Michael Collins, director at the Drug Policy Alliance’s Office of National Affairs, has absolutely no doubt: cannabis regulation in Spain would allow the country to take the lead in this field. In October, Collins visited Spain on the occasion of the forum Towards cannabis legalization (“Hacia la regulación del cannabis”), and there we were too, ready to seize the opportunity to talk with him about legal cannabis in Europe. According to him, given the strong system of cannabis clubs and the society’s liberal attitude towards the plant, Spain has solid foundations for becoming the 1st European country to fully legalize the use of pot.
"Spain stands a good chance to become the sector's leading country at a European level. Cannabis clubs have helped build the foundations for the legalization of pot as much as international groups such as ICEERS or GEPCA which have helped open the mind of the citizens." Michael Collins has no doubt whatsoever in this respect: due to its social and economic context, Spain is likely to end up leading the way for cannabis regulation in Europe. There's one big barrier, though: the policies on cannabis. He believes the greatest problem to be "the lack of political determination on the part of the Spanish Socialists Workers' Party (PSOE), which seems stuck in the past, scared of something that is bound to happen sooner or later. Their voters support legalization. Politicians seem to be looking the other way, though."
Michael Collins is director at the Drug Policy Alliance (DPA), the nation's leading non-profit organization seeking the end of the war on drugs. Founded in 1987 by American University professor Arnold S. Trebach and attorney Kevin B. Zeese, who had worked with NORML (National Organization for the Reform of Marijuana Laws), this organization strives to reduce the harm caused by drug use and drug prohibition. The DPA seeks to create a society where cannabis laws are based on science, health, and human rights, for which they regard as imperative to promote each person's sovereignty over their minds and bodies. It is also their will to build a society where people are not judged by how much they consume but by the crimes committed against others.
The challenges of cannabis regulation: do social justice and convince the police
"The war on drugs in the U.S. has done nothing but increase the number of persons imprisoned, mostly African and Latin American people", says Collins. And, according to him, "the war on drugs is basically a racist war on drugs." The organization he's head of considers the war on drugs triggered by Nixon to have seriously damaged both Latin American and African communities. This is exactly what the short film posted on their website is intended to show. A wondrous video narrated by Jay-Z, who in his teens would sell illegal substances in NYC. As Collins indicated, this is still a pending issue that the legalization of pot doesn't seem to be able to put an end to.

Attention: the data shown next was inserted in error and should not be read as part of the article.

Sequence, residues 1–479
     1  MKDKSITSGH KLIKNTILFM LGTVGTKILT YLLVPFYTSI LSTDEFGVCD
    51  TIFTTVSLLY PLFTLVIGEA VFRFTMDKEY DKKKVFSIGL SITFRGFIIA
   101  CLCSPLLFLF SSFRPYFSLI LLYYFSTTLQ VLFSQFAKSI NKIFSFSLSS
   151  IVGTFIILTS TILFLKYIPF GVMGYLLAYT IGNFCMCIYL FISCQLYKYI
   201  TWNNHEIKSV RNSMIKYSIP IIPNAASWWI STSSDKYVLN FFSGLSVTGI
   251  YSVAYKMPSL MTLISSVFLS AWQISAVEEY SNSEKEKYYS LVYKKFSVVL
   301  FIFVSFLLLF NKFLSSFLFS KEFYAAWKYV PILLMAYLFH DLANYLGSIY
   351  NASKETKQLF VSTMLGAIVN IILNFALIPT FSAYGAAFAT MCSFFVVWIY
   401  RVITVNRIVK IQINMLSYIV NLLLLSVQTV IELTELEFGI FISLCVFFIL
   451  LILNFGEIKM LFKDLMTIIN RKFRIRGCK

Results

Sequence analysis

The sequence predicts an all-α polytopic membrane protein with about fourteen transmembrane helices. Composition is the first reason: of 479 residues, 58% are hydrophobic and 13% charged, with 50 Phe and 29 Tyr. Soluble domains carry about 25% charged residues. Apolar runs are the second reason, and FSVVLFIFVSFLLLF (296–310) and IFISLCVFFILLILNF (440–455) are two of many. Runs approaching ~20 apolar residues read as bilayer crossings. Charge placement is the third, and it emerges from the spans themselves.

"Arresting people for ordinary cannabis offences is an easy job for the police."
"Those who have suffered most during times of illegal pot, say African-American, Latin American and other underprivileged communities, don't have the means to partake in a legal market. [...] We've seen many in Wall Street making fortunes out of legal marijuana. The system ought to be fairer, and thousands of compensations must be paid to those who were badly affected by failed laws during the prohibition era", he added. Taking this idea to Europe, and specifically to Spain, where cannabis is still illegal, he points out that "immigrants and gypsies are the communities that get most into trouble with the police as a result of the plant's status." His view is that "these communities should also take part in marijuana legalization".
Regarding the many failures of this cannabis banning policy, he stresses the fact that prohibiting the consumption of certain substances doesn't improve people's lives. "We haven't seen any reduction in the use of drugs because of their being illegal. In fact, the number of overdose deaths is currently very high. This is a colossal failure", he insists referring to pot laws in the U.S. When asked about the biggest problems he's so far encountered during his legalizing initiatives, without hesitation he answers: the police and some politicians. "Both see drug use as a moral failure", he states. "Besides, cops like easy things, and this would make their job harder." According to him, "arresting people for ordinary cannabis offenses is an easy job for them."